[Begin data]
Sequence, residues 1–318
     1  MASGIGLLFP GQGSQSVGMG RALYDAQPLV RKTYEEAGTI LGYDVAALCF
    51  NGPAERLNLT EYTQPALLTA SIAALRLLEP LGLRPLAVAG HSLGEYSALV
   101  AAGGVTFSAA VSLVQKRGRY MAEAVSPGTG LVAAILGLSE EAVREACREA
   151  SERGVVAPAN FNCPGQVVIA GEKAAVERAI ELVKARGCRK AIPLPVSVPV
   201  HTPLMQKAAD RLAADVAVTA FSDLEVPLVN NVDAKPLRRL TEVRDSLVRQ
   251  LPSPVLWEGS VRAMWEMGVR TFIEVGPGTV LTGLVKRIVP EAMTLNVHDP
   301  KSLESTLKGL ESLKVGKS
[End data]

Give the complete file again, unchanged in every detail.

Sequence, residues 1–318
     1  MASGIGLLFP GQGSQSVGMG RALYDAQPLV RKTYEEAGTI LGYDVAALCF
    51  NGPAERLNLT EYTQPALLTA SIAALRLLEP LGLRPLAVAG HSLGEYSALV
   101  AAGGVTFSAA VSLVQKRGRY MAEAVSPGTG LVAAILGLSE EAVREACREA
   151  SERGVVAPAN FNCPGQVVIA GEKAAVERAI ELVKARGCRK AIPLPVSVPV
   201  HTPLMQKAAD RLAADVAVTA FSDLEVPLVN NVDAKPLRRL TEVRDSLVRQ
   251  LPSPVLWEGS VRAMWEMGVR TFIEVGPGTV LTGLVKRIVP EAMTLNVHDP
   301  KSLESTLKGL ESLKVGKS